A child’s brain undergoes an amazing period of development from birth to three—producing more than a million neural connections each second. This session provides participants with an understanding of how brain development occurs within the context of relationships in infancy and early childhood. Participants will explore key concepts such as “mind-sight,” “serve & return,” experience dependency and expectancy, as they relate to neural development. Participants will learn how the limbic system and executive functioning are mediated through relationships and experience. Finally, participants will examine the impact of trauma and toxic stress on brain development.


Supporting Children and Families Around Developmental Disorders/Disabilities

The arrival of a baby whose development, physical or cognitive capacities are delayed or reflect disability can have significant impact on the family. Understanding developmental disorders and disabilities and supporting the young child in reaching their optimal potential while supporting the parents and family is a key role of many providers across disciplines such as health, mental health, early intervention and early care and education. This session will review ways to identify developmental disorders and disabilities, provide early intervention and foster family support and competence.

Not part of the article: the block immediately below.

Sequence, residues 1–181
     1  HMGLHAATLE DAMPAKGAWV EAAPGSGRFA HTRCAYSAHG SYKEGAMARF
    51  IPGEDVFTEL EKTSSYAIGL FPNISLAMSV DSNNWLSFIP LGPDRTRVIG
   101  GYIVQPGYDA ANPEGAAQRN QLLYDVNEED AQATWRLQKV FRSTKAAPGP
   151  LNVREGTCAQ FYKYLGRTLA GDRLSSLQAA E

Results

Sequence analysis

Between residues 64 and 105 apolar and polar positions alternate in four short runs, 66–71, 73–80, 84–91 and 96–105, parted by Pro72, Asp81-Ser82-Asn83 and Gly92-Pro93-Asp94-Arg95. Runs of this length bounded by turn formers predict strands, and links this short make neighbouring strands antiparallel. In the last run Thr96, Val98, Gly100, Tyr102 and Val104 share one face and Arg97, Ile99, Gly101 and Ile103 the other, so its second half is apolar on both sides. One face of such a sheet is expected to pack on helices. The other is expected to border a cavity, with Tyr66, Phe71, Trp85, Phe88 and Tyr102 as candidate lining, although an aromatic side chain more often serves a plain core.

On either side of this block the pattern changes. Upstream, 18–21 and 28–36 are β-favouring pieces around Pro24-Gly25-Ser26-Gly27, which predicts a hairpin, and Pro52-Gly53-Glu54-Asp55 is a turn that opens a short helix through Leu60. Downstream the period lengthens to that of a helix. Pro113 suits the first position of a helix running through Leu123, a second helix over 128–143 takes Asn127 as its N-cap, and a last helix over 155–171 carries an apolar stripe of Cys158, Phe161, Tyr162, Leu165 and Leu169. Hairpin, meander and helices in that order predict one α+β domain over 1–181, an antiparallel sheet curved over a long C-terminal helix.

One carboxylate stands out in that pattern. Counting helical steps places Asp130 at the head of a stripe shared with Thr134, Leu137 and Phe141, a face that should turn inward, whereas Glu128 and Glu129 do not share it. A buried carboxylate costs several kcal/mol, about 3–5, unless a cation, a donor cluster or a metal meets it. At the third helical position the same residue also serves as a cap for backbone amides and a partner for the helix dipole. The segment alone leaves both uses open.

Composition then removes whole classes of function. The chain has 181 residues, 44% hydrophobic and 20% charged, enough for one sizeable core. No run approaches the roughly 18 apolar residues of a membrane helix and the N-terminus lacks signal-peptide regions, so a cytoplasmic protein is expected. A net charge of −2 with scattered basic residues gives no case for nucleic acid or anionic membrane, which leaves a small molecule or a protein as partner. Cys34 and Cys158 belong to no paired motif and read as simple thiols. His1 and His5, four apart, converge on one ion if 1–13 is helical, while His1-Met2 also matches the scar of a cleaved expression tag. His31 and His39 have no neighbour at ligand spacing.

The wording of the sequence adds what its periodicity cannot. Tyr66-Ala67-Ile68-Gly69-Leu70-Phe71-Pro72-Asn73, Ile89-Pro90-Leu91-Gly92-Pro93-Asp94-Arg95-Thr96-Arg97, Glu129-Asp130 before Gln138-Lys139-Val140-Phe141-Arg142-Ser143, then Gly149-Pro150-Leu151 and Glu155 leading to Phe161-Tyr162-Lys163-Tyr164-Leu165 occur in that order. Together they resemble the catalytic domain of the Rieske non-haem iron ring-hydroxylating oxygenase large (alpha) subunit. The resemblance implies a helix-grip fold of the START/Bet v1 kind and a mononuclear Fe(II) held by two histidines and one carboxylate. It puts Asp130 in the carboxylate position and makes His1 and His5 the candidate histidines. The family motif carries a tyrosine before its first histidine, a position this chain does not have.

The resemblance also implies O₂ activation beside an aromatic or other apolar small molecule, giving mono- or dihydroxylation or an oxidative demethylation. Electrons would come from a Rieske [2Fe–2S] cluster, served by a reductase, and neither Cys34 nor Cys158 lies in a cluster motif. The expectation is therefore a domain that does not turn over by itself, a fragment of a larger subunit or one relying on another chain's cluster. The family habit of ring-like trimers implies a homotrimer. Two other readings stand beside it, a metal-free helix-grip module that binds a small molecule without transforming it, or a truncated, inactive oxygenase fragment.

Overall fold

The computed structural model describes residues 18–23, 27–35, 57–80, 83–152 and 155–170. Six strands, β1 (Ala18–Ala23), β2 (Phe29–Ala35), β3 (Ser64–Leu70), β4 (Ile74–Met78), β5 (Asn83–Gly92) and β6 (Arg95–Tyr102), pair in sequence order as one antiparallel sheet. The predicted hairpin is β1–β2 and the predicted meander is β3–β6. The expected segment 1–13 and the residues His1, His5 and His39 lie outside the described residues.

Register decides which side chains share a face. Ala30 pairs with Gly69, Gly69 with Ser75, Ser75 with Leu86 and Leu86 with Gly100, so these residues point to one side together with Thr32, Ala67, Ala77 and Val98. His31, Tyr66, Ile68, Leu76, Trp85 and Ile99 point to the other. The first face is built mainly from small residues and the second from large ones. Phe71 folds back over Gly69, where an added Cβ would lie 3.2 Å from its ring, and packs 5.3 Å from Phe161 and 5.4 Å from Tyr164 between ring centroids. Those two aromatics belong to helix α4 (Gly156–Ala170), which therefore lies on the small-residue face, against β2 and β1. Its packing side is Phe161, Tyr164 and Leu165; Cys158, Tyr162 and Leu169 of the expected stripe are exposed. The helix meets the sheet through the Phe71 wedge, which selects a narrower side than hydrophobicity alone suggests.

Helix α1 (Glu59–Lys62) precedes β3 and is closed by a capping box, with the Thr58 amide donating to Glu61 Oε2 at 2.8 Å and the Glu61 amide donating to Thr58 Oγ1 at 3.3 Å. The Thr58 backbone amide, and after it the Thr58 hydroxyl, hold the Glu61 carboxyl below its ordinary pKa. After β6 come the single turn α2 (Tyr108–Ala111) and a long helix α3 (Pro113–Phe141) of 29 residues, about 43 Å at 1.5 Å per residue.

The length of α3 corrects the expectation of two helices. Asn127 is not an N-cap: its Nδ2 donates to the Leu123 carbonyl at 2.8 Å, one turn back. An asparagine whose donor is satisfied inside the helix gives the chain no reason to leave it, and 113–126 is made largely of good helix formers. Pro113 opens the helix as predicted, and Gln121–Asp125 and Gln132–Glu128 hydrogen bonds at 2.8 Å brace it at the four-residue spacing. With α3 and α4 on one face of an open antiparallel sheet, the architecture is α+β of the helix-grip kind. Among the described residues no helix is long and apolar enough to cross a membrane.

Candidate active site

Trauma Informed Practice

Many children have had early traumatic experiences. These children come into our lives and our programs with a variety of developmental needs. Professionals must understand the specific needs of the children and families they are working with in order to effectively build in strategies and support to help deal with these traumatic experiences. This session provides an overview of interventions which incorporate the lens of trauma or chronic/toxic stress to achieve trauma-informed practice.


Reflective Practice and Reflective Supervision

Reflective supervision is a supervisor – supervisee relationship that pays attention to the influence of relationships on other relationships, the parallel process, and empowers the supervisee to discover solutions/concepts through consciously using strategies that include active listening and waiting. The goal of reflective supervision is to support staff who then support families- and create a more effective working relationship. In this session participants will explore the components of reflective supervision, observe and practice key skills associated with reflective practice and explore strategies for providing responsive versus reactive responses in the supervisory relationship.


Responding to Challenges, Guiding Behavior

Encountering challenging behavior in infant-toddler care and education settings is inevitable. Such challenges can pose a significant dilemma for the professional who may struggle with how best to respond to a child who may be preverbal, who does not use logic, and /or whose memory cannot yet retain rules or limits over the long term. Challenging behavior in very young children can evoke strong emotional reactions in professionals who are working to respond to such incidents in a sensitive, supportive, and nurturing fashion. This training session provides participants with the opportunity to reflect on their own beliefs and feelings regarding challenging behavior, to learn more about some of the antecedents of challenging behavior, and to practice discussing such challenges with parents in an effective and supportive manner.